News Video | Policy | GPs | Hospitals | Medical | Mental Health | Welfare | Search

 

NZ research shows link between gambling and family violence

New Zealand research shows strong link between harmful gambling and family violence

Recent New Zealand research shows that family violence and abuse is common in people seeking help for their own or for someone else’s gambling.

The 454 participants in the study, which took place from June 2013 to March 2015, were clients of problem gambling treatment services (370 gamblers and 84 affected others; for example, partners, other family members and friends).

A broad definition of family violence was used in this study including physical violence, coercive control, psychological and emotional abuse, and sexual abuse.

Over the past 12 months, half (50%) of the participants were victims of abuse. The most common abuse for victims was verbal in nature (41%), followed by physical harm (9%), and sexual abuse (4%). Slightly less than half (44%) of the participants committed violence or abuse at least once.

Problem Gambling Foundation chief executive, Paula Snowden, said the research confirmed that there is a strong correlation between family violence and harmful gambling.

“We know that it is common for violence to occur when a family is stressed because of someone’s gambling and this research confirms that,” she said.

“Harmful gambling, where the need to gamble overrides all other considerations, can place families under enormous financial and emotional stress and put children at risk. In New Zealand over 50% of harmful gambling is on pokies and many of the machines are in the poorest communities. The machines offer false hope and when hope is dashed it is not surprising that the vulnerable suffer,” she said.

The research, entitled Problem gambling and family violence in help-seeking populations: co-occurrence, impact and coping was conducted by AUT’s Gambling and Addictions Research Centre and Interdisciplinary Trauma Research Centre in association with three national problem gambling treatment providers.

The research was funded by the Ministry of Health and can be viewed on its website.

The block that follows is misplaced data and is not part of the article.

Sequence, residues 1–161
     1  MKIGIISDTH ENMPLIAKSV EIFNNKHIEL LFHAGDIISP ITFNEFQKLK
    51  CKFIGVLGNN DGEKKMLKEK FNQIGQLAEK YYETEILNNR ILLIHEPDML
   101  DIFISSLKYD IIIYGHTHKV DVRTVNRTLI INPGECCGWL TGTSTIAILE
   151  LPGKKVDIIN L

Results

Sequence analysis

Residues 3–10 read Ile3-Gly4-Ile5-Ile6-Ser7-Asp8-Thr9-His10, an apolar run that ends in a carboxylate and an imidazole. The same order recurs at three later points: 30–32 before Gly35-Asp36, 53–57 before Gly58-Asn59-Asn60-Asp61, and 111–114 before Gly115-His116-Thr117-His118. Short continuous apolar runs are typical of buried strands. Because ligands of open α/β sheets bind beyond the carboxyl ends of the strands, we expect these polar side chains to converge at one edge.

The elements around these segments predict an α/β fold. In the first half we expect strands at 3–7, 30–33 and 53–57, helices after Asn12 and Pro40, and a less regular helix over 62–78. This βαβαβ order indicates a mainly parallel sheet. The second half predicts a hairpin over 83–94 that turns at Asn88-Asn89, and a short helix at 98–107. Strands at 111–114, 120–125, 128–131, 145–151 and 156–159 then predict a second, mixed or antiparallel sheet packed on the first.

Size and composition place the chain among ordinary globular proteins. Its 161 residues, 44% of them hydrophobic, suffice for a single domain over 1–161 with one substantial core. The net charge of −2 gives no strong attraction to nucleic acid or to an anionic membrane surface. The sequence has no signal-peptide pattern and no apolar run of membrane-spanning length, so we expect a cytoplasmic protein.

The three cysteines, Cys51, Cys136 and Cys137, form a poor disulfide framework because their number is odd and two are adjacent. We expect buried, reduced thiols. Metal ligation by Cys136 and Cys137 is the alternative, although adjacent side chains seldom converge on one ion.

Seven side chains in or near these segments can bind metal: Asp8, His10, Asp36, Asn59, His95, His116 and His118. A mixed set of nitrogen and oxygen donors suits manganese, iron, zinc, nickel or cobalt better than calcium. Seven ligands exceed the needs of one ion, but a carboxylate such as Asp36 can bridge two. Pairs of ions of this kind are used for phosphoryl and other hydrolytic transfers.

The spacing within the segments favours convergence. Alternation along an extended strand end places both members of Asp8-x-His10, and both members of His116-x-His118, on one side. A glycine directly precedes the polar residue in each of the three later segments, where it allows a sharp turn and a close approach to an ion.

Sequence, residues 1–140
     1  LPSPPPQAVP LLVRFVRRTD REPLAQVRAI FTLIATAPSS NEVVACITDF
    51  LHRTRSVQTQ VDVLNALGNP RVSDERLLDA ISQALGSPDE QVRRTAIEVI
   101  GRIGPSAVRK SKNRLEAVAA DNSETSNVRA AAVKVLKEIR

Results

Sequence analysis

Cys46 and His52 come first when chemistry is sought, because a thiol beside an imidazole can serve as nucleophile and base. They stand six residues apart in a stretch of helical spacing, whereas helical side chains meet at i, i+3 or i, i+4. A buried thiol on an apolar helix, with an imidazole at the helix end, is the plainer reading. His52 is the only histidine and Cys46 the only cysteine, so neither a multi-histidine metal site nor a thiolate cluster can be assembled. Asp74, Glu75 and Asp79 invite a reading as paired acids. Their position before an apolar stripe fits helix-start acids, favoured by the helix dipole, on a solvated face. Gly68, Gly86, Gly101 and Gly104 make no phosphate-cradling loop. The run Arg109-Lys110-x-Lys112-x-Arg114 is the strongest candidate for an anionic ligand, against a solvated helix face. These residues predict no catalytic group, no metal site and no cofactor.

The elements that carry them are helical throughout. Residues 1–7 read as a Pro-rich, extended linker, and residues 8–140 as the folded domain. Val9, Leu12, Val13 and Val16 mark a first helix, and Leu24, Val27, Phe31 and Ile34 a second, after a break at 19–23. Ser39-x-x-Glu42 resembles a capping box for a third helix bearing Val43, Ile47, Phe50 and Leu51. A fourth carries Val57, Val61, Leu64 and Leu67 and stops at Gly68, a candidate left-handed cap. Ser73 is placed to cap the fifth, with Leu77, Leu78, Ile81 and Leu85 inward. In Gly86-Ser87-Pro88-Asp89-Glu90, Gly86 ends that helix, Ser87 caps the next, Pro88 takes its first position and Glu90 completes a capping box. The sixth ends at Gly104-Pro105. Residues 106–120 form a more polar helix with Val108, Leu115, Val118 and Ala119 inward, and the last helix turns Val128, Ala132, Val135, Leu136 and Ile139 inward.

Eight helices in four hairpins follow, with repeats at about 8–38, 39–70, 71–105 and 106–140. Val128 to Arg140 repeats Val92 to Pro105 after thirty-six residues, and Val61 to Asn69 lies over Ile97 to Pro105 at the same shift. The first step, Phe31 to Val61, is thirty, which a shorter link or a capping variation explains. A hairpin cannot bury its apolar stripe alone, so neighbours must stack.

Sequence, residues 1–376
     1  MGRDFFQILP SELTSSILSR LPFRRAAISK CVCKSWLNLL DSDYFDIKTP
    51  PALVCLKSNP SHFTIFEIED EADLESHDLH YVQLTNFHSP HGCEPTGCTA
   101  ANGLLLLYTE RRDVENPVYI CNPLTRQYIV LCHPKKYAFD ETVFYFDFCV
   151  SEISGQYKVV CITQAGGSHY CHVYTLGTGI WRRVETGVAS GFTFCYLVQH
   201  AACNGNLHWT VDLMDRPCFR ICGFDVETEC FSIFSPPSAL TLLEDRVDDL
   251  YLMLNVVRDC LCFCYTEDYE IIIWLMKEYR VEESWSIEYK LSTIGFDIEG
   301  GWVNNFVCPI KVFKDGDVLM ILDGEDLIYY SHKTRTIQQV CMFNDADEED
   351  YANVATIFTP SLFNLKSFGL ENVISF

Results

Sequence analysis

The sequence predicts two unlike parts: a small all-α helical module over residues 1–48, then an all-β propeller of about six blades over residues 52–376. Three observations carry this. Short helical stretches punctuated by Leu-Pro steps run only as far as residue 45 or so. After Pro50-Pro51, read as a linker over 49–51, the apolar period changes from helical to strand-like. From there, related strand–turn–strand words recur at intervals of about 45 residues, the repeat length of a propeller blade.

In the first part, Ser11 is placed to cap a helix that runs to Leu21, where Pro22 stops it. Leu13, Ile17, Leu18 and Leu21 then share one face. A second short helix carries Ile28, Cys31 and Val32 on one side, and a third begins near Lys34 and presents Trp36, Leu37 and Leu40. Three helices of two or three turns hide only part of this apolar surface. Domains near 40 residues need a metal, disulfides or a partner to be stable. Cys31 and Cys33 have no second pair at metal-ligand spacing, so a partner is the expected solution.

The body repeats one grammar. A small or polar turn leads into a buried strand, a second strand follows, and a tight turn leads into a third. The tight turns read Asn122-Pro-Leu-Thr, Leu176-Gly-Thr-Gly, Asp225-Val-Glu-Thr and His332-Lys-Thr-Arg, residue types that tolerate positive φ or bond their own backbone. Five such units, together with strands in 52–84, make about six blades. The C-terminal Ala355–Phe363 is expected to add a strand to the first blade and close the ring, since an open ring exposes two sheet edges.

© Scoop Media

 
 
 
Culture Headlines | Health Headlines | Education Headlines

 

Scoop Review Of Books: 'the everrumble' by Michelle Elvy

This is Zettie’s tale from her birth date in 1965 through to her ‘passing’ at the age of 105. Yet, Zettie’s tale is our own tale, as humans still all-too-often hell-bent on destroying our environment and therefore our fellow creatures – and thus – symbiotically and inevitably – ourselves. More>>

Tuia 250: Endeavour Arrives At Tūranganui-A-Kiwa

The co-chair for Tuia 250 national commemorations says it's not a bad thing if people want to express their views, as a replica of Captain Cook's Endeavour is today set to make its way into Tūranganui-a-Kiwa... Local iwi oppose the ship's visit and have refused to do a pōhiri. More>>

ALSO:

On 7–19 October: NZ Improv Fest Turns (It Up To) Eleven

The New Zealand Improv Festival (NZIF) is celebrating eleven years by going 110%; this national festival has increased to two weeks of improvisation with guests from all over the world. More>>

ALSO:

NZ On Air: $12 Million For Stimulating Content For Tamariki

New Zealand tamariki have much to be excited about, with just under $12.5 million in funding confirmed for a raft of new screen and music content including a new daily kids quiz show. More>>

ALSO:

Master Storyteller: Author Jack Lasenby Remembered

Jack Lasenby died on Friday, aged 88. He was the author of children's books, novels, and short stories. He was the winner of numerous awards, including the Prime Minister's award for Literary Achievement in 2014. More>>

 
 
 
 
 

LATEST HEADLINES

  • CULTURE
  • HEALTH
  • EDUCATION
 
 
  • Wellington
  • Christchurch
  • Auckland